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Tag: D.B. Weiss

Jon Should Not Be King

[SPOILERS for the “Game of Thrones” Season Seven finale, “The Dragon and the Wolf”]

“It may seem that way from the outside.” – Jon Snow (or whoever)

There’s a scene in the Season Seven finale of “Game of Thrones” where Theon and Jon are talking about family. During this scene, Theon remarks that Jon always seems to do the right thing, that he always seems to make the right choice. In Theon’s eyes, Jon is the golden child. He can do no wrong. Then Jon says the above: “It may seem that way from the outside.”

Despite countless jokes about various sex organs in the season finale, I can safely say that this was the hardest I laughed the whole episode. Nope. Sorry, Jon. It does not seem that way at all from the outside. In fact, from the outside, you look like an idiot.

Pretty much every character did call him out for announcing his allegiance to Daenerys at the exact wrong time, so people are aware that he’s stupid. But this man is still the “King of the North.” And apparently, based on what we were told at the end of the episode, he may be much more than that, too. The same guy who led the dumbest expedition north of all-time could be the heir to the Iron Throne.

I apologize for harping on this, but we need to talk more about that expedition north. The events of the finale demand it. Two big things happened in this episode:

1) The Night King broke through The Wall using a dragon that died saving Jon and Co. from dying while they tried to get a White Walker to bring to Cersei.

2) Cersei is not interested in fighting in the North. She would like to continue plotting to kill her enemies instead.

I doubt the show will return to this, but this means the plan was a failure in literally every way. They brought the White Walker to Cersei. She didn’t care. (They might still think she did, but really, she didn’t.) This means they lost a dragon for nothing. Not only that, they lost a dragon that just one episode later helped burn down a wall that I’m pretty sure everyone was banking on keeping the living and the dead separated. So the plan didn’t work, and in fact, it made things much, much worse for the entire Westerosi race. I know the last two episodes have been cool and breathtaking and pretty entertaining, but I really don’t think this is something to gloss over as the show positions Jon as the rightful heir to the throne. The man is an idiot, and I don’t know if he could rule over a ham sandwich.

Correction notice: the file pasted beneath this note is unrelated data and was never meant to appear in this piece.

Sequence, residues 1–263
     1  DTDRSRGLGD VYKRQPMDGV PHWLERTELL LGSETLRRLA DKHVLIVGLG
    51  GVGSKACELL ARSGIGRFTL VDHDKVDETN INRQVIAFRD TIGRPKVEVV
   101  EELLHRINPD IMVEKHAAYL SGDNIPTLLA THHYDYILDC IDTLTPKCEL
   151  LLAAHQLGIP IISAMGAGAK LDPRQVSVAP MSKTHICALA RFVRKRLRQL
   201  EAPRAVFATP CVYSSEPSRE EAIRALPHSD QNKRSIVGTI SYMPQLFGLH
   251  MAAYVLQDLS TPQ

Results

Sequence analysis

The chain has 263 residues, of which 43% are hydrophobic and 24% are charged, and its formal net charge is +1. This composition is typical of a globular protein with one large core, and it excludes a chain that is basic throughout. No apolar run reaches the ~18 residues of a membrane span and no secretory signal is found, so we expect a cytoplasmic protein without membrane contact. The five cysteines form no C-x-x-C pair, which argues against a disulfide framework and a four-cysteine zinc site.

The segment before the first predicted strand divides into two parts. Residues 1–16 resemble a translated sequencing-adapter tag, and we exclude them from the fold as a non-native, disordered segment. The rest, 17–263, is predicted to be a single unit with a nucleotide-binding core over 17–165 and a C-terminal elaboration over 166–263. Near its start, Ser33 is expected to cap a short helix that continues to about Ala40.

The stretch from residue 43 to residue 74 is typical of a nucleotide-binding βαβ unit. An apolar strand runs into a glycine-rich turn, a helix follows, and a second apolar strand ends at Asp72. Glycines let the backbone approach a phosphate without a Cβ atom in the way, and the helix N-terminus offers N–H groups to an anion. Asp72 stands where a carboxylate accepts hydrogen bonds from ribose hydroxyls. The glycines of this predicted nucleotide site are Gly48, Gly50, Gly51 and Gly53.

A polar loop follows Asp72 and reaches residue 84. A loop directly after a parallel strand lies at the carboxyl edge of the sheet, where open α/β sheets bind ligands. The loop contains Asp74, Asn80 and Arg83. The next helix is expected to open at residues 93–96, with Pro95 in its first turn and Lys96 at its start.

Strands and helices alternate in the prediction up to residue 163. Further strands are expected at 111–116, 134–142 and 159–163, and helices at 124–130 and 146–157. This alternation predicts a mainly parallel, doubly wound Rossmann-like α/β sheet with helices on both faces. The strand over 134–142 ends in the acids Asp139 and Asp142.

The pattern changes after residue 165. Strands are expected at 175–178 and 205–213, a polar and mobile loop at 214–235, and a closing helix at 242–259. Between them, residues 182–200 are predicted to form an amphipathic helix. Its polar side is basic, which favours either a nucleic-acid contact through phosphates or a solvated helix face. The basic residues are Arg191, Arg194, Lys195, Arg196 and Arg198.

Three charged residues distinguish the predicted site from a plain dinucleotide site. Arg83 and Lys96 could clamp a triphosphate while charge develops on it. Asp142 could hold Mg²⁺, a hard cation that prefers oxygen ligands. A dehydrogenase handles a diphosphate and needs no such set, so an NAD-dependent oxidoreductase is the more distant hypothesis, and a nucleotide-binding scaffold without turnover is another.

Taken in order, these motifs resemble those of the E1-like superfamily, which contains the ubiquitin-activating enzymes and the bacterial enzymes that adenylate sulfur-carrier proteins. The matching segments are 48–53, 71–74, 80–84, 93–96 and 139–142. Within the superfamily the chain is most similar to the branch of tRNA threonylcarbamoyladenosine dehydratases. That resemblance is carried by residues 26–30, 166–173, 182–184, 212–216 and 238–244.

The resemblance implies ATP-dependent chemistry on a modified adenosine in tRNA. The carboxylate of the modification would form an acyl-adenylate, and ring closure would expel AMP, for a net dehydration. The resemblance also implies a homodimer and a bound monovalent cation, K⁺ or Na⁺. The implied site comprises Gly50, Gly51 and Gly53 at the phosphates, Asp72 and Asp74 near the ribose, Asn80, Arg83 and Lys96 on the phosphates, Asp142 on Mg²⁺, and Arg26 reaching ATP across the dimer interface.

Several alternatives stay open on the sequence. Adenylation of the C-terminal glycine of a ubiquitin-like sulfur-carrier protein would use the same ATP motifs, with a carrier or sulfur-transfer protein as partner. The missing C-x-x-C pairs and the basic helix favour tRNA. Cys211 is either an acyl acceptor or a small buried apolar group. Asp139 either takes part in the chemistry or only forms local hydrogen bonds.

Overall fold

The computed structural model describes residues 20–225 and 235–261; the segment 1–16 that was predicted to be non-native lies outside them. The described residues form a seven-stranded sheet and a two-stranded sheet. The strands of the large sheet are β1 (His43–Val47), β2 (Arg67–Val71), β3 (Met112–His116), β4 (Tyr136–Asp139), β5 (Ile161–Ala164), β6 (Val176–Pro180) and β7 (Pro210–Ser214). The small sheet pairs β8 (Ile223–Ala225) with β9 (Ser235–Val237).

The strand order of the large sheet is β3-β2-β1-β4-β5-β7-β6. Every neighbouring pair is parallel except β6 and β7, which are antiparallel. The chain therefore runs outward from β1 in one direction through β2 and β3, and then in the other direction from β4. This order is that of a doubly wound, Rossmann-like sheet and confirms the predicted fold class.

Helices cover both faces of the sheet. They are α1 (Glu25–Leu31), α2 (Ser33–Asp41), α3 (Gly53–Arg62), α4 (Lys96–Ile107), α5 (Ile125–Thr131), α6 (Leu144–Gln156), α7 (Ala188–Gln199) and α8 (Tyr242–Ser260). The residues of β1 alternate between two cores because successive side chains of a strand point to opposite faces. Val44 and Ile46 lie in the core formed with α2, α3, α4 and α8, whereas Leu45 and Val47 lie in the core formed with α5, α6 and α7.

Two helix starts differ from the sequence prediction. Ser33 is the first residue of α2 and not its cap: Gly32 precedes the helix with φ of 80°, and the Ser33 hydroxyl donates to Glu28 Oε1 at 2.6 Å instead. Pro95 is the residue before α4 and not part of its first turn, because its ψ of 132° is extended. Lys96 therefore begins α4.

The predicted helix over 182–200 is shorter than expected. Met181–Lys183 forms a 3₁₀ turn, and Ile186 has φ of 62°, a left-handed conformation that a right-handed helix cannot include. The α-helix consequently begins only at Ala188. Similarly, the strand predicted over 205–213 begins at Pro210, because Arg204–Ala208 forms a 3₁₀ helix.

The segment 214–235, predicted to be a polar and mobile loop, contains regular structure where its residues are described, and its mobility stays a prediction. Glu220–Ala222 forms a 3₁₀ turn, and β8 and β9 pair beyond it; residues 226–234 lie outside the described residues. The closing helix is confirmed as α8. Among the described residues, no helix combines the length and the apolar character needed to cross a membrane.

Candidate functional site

Some thoughts (because there was way too much going on in this episode to possibly process it all): 

  • The wall came down: I heard some whispers online in the last week that this might happen, so it wasn’t a total surprise (I really should stop reading the internet). But boy, did it look good. The visual effects on this show have become so good that you almost forget it’s TV. It’s almost like it’s not TV, it’s … just kidding.
  • No one died: Remember when “Game of Thrones” felt like a show where anybody could die? After this season, it’s starting to feel like that was a lie. Pretty much everyone of note survived this season. The ground has certainly become shakier beneath them, but it’s a bummer to have to wait years to make any significant plot movement with the way this show used to surprise.
  • Jon is King: Congrats, book readers. I’m sure this was a super fun moment for you.
  • Cersei + Tyrion 4ever: One thing “Thrones” can do like no other show is play on the deep, complex history of the characters when they share the screen together after years apart. This episode, we had Tyrion/Bronn, Hound/Brienne, Brienne/Jamie, Tyrion/Jamie, Jon/Theon, and I’m sure many more that I can’t remember. But putting Lena Headey and Peter Dinklage back in the same room might have been the best thing they’ve done all year. That scene was electric.
  • Cersei is not pregnant, right? This seems obvious. If she actually had a forthcoming heir, she might have honestly considered the truce. She certainly would have killed Jamie when he announced his intentions. She’s got plans, and I’m looking forward to seeing them end in her fiery death next season. (You can’t be wrong on a prediction if you just keep making it, right?) In all honesty, I’m glad she’s still on the board.
  • Theon back: [Insert joke about him not having balls here]
  • Littlefinger dead: The Winterfell stuff all kind of fell flat for me in the back half of this season. The Arya-Sansa stuff was tough to get through, even though (I guess?) most of it was intentionally contrived, and Littlefinger’s death seemed obvious a mile away. Also, the moment when Sansa called him out instead of Arya made me groan, which was probably not the desired reaction.
  • George R.R. Martin Up Arrow: This season was kind of a jumbled mess plot-wise, with a lot of things seeming to happen too quickly just so the writers could get to certain benchmarks. This gives the books a bright future if Martin ever finishes them, because he has a lot more room to explore (and possibly change) the events that led to this point. He can make the characters’ decisions sensible and consistent and make their plans much smarter.
  • Dany is Jon’s aunt: Ew. What is it with grand science fiction/fantasy epics and incest?
  • We are stupid: I mean … I’m still so in on this journey, you guys.

Does “Game of Thrones” Think We’re Stupid?

“We were thinking, how could you possibly survive that situation?” – D.B. Weiss (executive producer, “Game of Thrones”)